After Iowa

So the Iowa caucus has come and gone for the 2012 election.  Does it really mean anything in the overall grand scheme of things?  Not really.  The Iowa voters don’t necessarily pick the candidate that will eventually be the nominee.  And when it comes to the voting demographic in Iowa, it does not come close to being an accurate representation of the overall national voting demographic.  Regardless, though, Iowa goes first… as it has since 1972.  And though it might not pick the winner all the time, it can definitely derail campaigns and make other soar.

Remember then-Senator Barack Obama (Dem) and former-Governor Mike Huckabee (Rep) in the 2008 primary?  Both of them were largely unknown and won their party’s caucus.  The difference, Obama, though losing in New Hampshire, was still able to ride his Iowa win to victory in other states and eventually to the nomination and to a general election victory.  Huckabee failed in New Hampshire, too, but wasn’t able to mount a successful campaign to stop John McCain from getting the nomination despite winning a few more states.

The Republican Presidential Candidates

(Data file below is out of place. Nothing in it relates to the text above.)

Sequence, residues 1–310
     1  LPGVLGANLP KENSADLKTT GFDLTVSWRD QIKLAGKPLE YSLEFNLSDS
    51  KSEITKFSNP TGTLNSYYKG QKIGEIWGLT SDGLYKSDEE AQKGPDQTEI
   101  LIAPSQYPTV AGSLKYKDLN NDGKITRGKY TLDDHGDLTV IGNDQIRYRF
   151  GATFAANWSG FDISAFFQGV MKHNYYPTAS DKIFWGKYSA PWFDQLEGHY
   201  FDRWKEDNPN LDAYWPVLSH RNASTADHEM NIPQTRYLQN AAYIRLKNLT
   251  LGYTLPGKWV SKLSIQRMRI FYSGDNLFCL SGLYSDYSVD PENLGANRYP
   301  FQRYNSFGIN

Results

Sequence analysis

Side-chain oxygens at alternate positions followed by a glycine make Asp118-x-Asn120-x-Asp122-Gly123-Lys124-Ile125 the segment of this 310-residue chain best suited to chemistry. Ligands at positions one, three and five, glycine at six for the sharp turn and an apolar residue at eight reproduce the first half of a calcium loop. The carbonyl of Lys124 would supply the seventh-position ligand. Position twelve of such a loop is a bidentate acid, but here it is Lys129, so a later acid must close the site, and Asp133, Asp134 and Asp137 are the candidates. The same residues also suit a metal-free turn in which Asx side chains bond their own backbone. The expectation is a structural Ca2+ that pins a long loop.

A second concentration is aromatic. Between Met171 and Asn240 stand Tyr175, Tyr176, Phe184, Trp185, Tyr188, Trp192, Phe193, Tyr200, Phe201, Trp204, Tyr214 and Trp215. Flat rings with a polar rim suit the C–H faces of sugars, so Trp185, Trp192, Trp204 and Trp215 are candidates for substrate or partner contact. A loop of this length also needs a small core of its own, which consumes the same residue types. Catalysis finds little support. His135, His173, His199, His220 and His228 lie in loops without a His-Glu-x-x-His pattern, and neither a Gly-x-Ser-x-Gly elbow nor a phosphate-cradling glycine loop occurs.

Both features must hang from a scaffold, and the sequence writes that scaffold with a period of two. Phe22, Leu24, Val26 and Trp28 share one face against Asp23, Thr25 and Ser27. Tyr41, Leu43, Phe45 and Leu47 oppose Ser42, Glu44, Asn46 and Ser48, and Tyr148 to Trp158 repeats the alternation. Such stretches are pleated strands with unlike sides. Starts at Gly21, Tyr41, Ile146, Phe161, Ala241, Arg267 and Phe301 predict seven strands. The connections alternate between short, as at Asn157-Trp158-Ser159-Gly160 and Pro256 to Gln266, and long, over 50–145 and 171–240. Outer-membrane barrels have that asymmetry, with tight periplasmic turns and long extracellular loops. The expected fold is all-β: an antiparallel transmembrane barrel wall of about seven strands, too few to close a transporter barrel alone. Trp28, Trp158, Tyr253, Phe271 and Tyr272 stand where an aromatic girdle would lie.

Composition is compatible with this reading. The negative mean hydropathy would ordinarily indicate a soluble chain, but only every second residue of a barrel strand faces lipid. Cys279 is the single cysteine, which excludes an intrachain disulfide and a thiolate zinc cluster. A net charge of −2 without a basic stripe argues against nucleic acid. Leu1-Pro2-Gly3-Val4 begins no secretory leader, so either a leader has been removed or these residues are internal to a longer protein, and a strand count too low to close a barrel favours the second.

What hurt Mike Huckabee then might play out again here in 2012.  Former-Massachusetts Governor Mitt Romney beat Former-Pennsylvania Senator Rick Santorum by 8-votes in Iowa.  Texas Congressman Ron Paul came in third.  Santorum nearly pulled off a Huckabee-style win getting the majority of his votes from the Christian conservatives/Evangelical Christian voters.  The Republican voting bloc in Iowa is overflowing with them.  The problem for Santorum is going to be the next battle… New Hampshire where Christian conservatives just aren’t very abundant.  If he can somehow survive a beating in New Hampshire, he has a chance in South Carolina and maybe parts of Florida (northern Florida).  But when the contest moves to Nevada, it’s again unlikely that he will win with those that aren’t his main voting bloc.  If he hasn’t derailed by then, that should be the mark.  His virtual-tie in Iowa only means he gets more media attention for now, but it doesn’t mean that he can get the nomination.  The Republican voting bloc sees him as to religious and too-far right wing.  He can get the Tea-Party and Christian conservative votes, but he won’t get the independent and moderate votes that he would need to win in November.